Royanne Kropog’s monograph The Story of Árpádhon (2006) meets an important need in the historic and ethnographic documentation of this unique Hungarian-American settlement. Using 40 personal interviews, over 70 original photographs and several unpublished manuscripts as primary sources, she documents and surveys the life of the Hungarian Settlement in southeast Louisiana covering a period of 110 years. Kropog gives first-hand accounts of the contemporary ways of life in Árpádhon via her personal observations and relations, having spent much of her lifetime in the Hungarian community.

The book provides a detailed account of the history of Árpádhon ― or the Hungarian Settlement as it is known today ― in 28 chapters. The reader learns how the virgin forests of southeast Louisiana were turned into sites of a prosperous family enterprise, the Brackenridge Lumber Company that employed several Hungarian immigrants. The company exhausted the land by 1906, which made them seek other tracts of land. To recover the company’s large investments in Louisiana, they advertised 20 acre plots to anyone who could afford them. Several advertisements appeared in the northern Hungarian newspapers, and the sale was also mentioned in letters to family members written by the local Hungarian immigrants. The chance to own a piece of land for about $200 meant new hope for the disillusioned factory and mine workers, coming from the large northern and eastern cities of heavy industry, whose social status in the Old Country had been based on agrarian mercantile business. Life was not easy at the beginning: clearing family plots, building homes and fighting the perils of nature (snakes and reptiles) that were previously unknown to Hungarian immigrants.

The Immigration House of Árpádhon meant an initial refuge for the newly arrivals on the settlement. The Saint Margaret Catholic Church and the Presbyterian Church significantly contributed to individual security and community cohesiveness by providing masses in Hungarian language, teaching Hungarian classes, fund raising and hosting the annual Harvest Dances and other entertainments. Early settlers established a network of families to provide help in case of emergency. Because roads were unpaved at that time, neighboring villages were hard to reach in case of need. With mutual help, hard work, ingenuity, independence and perseverance, the founders of Árpádhon were able to establish a viable settlement (35).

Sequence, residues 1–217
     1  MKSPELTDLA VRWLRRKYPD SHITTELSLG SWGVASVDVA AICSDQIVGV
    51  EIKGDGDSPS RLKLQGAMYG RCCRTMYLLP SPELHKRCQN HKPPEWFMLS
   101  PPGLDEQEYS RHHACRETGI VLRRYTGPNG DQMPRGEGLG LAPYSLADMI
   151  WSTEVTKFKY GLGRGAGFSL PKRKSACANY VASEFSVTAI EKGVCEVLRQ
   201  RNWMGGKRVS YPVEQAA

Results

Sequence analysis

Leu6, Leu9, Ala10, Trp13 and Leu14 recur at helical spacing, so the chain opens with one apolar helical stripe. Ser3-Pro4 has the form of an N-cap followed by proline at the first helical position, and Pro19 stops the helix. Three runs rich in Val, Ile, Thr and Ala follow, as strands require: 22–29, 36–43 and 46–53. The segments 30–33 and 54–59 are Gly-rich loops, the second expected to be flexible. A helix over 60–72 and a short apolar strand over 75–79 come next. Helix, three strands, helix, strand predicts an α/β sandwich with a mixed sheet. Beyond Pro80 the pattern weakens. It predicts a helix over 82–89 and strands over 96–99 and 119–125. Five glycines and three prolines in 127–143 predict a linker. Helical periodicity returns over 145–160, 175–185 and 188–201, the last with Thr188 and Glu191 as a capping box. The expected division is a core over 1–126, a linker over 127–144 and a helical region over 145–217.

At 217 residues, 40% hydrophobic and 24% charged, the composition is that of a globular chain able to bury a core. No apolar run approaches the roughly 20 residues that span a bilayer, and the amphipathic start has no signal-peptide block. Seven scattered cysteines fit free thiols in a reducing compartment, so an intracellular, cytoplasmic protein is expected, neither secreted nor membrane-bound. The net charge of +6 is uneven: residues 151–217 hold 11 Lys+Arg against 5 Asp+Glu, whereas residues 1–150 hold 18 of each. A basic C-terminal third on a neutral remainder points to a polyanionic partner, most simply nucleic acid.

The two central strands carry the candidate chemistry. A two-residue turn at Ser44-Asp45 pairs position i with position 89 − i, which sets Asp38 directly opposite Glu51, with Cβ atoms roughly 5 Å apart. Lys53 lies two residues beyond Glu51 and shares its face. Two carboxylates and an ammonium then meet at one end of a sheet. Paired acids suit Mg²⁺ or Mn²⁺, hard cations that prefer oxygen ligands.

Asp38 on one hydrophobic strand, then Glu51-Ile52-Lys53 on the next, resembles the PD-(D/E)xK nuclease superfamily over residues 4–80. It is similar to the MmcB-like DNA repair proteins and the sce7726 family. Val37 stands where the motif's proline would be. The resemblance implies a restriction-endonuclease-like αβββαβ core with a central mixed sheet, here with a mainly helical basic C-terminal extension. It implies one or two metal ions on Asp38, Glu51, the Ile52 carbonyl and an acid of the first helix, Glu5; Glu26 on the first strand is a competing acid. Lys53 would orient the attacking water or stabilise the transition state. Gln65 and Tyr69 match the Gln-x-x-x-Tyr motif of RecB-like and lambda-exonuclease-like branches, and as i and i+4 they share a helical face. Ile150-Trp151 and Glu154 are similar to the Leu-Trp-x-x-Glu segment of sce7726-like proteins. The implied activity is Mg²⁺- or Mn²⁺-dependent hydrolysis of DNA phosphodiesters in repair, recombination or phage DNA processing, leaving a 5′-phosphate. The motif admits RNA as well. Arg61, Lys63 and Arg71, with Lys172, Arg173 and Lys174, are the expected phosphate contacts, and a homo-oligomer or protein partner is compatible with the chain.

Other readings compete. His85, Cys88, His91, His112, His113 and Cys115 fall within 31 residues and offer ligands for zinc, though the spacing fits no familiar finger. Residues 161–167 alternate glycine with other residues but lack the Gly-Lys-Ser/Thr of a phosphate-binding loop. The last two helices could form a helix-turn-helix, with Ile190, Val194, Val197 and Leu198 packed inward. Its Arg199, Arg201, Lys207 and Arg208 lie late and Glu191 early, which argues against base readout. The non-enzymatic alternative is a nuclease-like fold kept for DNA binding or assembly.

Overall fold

Cultivation of land significantly differed from the Old Country’s farming experiences. The tropical climate required the settlers to invent new methods of plantation, cultivation and harvest. Soon, news about a new kind of crop that favored the local climate reached the Hungarian farmers: strawberries. Only a few of the brave started to be involved in growing strawberries; however, it proved to be an extremely successful business in a short period of time, engaging all of the farmers in raising this new kind of crop. The success of strawberry farming united the Hungarian Settlement, turning its residents into a flourishing, viable community. Strawberry seasons were so important that daily routines and social events revolved around them; the starting and ending of the school day, weddings, church picnics and festivals were held in accordance with the essential work in the fields (34-38). The two World Wars and the Great Depression made everyday life harsh for the American population; however, these times were fairly stable in Árpádhon. A hard-working lifestyle and home-grown food secured steady living conditions. Although such ‘luxury’ items as sugar, coffee, gasoline and shoes were rationed, Hungarian immigrants were inventive swapping ration stamps around according to family needs.